Figure of the week: Closing the gender gap to reduce food insecurity in Africa

Maryan Hudun harvests spinach on her farm in the village of Ceel-Giniseed in Somaliland which is supported by charity ActionAid to enable farmers to provide water to livestock and crops.

In April of this year, the Oxford Business group released its “Agriculture in Africa 2021: Focus Report”. This report outlines the region’s export potential and food security challenges in the face of the detrimental impacts of the COVID-19 pandemic. It also explores how the creation of the African Continental Free Trade Area (AfCFTA) and the modernization of agricultural processes are generating growth opportunities across the agricultural ecosystem.

The report shows how the COVID-19 pandemic weakened already precarious food security in Africa through reductions in income and disruptions in the supply chain. Prior to the pandemic, food security was already a major concern in the region, with the most affected being fragile and conflict-afflicted states. Of the 86 countries worldwide that are categorized as low-income and food-deficient, 43 of them are located in Africa. Indeed, according to the Africa Center for Strategic Studies, over 100 million Africans faced crisis, emergency, or catastrophic levels of food insecurity in 2020.

At the same time, due to its abundance of arable land, Africa has the potential to meet its needs as well as those of the rest of the world when it comes to food supply. More specifically, the authors of the report suggest that closing the gender gap and empowering farmers traditionally restricted in their access to finance and technologies can create major gains when addressing food insecurity.

Figure 1 shows the outputs and inputs on farm plots managed exclusively by men and women in Africa. Notably, while all of those who work in agriculture face the same issues—financing, climate change, etc.—women and youth are disproportionately affected. According to the report, output value for men (in the case study countries) is higher than that of women. More specifically, argue the authors, the inability of women in rural communities to own their own bank accounts, negotiate with suppliers, and use financial services keeps them from expanding and operating at their full potential as farmers. Furthermore, write the authors, if women—who make up 43 percent of the agricultural labor force in developing countries—had the same access to finance as men, agricultural outputs could increase up to 4 percent in 34 countries, potentially reducing the risks of food insecurity and malnourished people by 12 to 17 percent globally. One notable fact included in the figure is the enormity of the gap between men and women in Uganda, in terms if access to fertilizer—with men using nearly 10 times more fertilizer per acre on their plots than do women.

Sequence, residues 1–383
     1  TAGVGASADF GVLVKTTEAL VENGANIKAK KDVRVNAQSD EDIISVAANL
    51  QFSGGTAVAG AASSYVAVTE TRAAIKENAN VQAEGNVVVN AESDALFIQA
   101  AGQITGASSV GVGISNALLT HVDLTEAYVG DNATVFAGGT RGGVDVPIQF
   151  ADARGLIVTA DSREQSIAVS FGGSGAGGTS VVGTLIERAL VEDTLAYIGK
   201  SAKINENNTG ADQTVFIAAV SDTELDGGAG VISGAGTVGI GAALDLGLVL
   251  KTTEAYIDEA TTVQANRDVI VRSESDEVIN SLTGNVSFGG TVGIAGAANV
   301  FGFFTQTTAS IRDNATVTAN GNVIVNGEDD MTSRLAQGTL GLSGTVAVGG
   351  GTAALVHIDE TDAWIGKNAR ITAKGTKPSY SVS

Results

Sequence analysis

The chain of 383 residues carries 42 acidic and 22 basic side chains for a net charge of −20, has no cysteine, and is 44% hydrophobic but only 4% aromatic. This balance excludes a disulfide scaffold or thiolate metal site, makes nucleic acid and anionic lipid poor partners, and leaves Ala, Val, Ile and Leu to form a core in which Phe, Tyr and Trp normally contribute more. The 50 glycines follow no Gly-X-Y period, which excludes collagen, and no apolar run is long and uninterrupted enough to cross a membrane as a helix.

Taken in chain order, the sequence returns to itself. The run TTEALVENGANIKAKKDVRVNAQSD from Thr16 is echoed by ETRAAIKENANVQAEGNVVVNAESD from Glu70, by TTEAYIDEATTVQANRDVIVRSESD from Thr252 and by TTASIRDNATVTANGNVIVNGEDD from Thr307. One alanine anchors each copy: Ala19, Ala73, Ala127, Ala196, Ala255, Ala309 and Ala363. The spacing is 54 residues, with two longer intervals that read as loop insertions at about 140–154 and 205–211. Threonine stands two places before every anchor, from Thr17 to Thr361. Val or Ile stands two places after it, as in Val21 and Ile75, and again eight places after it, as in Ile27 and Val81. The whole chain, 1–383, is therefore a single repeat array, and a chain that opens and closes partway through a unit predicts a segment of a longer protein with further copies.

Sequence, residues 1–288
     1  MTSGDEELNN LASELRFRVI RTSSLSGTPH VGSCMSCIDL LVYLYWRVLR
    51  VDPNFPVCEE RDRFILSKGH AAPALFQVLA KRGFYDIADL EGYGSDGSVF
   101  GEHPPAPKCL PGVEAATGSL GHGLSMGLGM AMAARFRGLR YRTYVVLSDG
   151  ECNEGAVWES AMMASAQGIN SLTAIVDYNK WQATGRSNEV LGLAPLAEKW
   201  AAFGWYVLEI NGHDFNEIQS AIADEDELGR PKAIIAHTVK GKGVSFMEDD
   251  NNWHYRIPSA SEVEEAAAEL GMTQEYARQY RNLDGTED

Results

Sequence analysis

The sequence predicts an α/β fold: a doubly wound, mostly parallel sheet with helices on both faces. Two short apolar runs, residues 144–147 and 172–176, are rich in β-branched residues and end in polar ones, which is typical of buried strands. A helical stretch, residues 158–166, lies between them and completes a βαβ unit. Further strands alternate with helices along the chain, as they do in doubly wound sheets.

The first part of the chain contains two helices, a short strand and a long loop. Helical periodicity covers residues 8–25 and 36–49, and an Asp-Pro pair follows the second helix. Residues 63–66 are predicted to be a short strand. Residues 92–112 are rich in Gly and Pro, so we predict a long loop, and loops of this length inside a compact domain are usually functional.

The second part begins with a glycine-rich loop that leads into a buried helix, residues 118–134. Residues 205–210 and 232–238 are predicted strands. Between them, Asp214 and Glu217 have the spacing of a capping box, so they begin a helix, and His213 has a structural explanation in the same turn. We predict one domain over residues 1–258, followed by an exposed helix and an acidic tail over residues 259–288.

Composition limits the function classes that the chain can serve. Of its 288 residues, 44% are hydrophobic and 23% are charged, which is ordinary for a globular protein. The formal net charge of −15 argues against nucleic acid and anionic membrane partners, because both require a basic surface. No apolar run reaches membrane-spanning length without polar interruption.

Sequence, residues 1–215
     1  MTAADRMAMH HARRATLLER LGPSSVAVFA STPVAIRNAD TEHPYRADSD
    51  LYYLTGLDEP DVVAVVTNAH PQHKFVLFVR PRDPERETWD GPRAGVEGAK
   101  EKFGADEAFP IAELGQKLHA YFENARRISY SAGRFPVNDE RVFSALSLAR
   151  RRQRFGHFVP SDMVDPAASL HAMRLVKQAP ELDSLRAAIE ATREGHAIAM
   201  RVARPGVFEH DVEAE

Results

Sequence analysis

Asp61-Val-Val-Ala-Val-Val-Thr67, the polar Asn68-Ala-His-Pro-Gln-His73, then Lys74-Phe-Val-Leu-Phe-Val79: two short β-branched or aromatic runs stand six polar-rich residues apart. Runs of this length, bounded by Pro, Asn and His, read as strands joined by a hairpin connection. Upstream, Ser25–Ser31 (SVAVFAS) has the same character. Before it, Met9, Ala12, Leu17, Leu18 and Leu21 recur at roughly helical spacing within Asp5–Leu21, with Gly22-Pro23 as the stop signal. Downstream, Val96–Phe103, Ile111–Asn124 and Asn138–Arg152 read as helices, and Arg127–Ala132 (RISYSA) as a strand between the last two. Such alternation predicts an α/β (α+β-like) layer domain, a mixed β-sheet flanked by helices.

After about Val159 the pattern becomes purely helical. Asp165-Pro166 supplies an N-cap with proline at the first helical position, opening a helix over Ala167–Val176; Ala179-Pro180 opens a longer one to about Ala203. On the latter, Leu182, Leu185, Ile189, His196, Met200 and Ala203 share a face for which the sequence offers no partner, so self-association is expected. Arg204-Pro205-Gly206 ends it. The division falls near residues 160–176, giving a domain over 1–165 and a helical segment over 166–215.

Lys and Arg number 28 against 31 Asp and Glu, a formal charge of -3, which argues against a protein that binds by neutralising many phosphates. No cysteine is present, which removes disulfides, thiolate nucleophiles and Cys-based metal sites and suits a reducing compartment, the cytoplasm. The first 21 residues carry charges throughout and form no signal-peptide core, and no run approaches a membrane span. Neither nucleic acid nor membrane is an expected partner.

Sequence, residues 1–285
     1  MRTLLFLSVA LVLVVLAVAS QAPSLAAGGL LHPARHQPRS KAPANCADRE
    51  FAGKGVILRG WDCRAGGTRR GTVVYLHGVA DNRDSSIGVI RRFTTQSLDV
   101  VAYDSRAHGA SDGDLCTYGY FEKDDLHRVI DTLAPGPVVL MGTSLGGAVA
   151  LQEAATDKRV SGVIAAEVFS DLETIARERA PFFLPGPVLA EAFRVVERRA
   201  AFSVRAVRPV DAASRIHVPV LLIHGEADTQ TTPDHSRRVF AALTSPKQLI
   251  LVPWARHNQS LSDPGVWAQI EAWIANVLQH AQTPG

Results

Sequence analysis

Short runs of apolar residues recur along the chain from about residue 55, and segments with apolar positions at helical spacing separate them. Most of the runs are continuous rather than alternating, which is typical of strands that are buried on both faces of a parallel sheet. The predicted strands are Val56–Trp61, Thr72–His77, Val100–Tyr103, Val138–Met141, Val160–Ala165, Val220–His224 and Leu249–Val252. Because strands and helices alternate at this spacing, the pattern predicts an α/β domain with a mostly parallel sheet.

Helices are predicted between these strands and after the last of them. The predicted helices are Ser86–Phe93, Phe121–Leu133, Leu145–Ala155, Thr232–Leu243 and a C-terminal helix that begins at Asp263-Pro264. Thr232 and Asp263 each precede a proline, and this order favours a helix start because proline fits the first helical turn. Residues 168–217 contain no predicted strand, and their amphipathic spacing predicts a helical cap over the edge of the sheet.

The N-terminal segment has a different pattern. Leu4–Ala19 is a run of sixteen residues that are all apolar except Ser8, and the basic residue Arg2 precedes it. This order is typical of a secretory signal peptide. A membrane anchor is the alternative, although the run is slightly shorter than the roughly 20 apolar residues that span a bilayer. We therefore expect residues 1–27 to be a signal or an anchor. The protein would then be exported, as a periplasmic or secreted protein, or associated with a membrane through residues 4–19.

Figure 1. Outputs and inputs on farm plots managed by men or by women

Figure 1. Outputs and inputs on farm plots managed by men or by women

Source: “Agriculture in Africa 2021,” Oxford Business Group, 2021.

In the end, the authors recommend that governments and development organizations tailor their initiatives toward empowering the demographics routinely disproportionately affected by way of increased access to advanced digital technologies, infrastructure improvements, mechanization programs, and financing and input subsidies.

For more information on food insecurity see, “The future of data: Unmasking community-level differences to better address food insecurity,” “Protecting food security in Africa during COVID-19,” and “Policy priorities for achieving food and nutrition security by 2030.”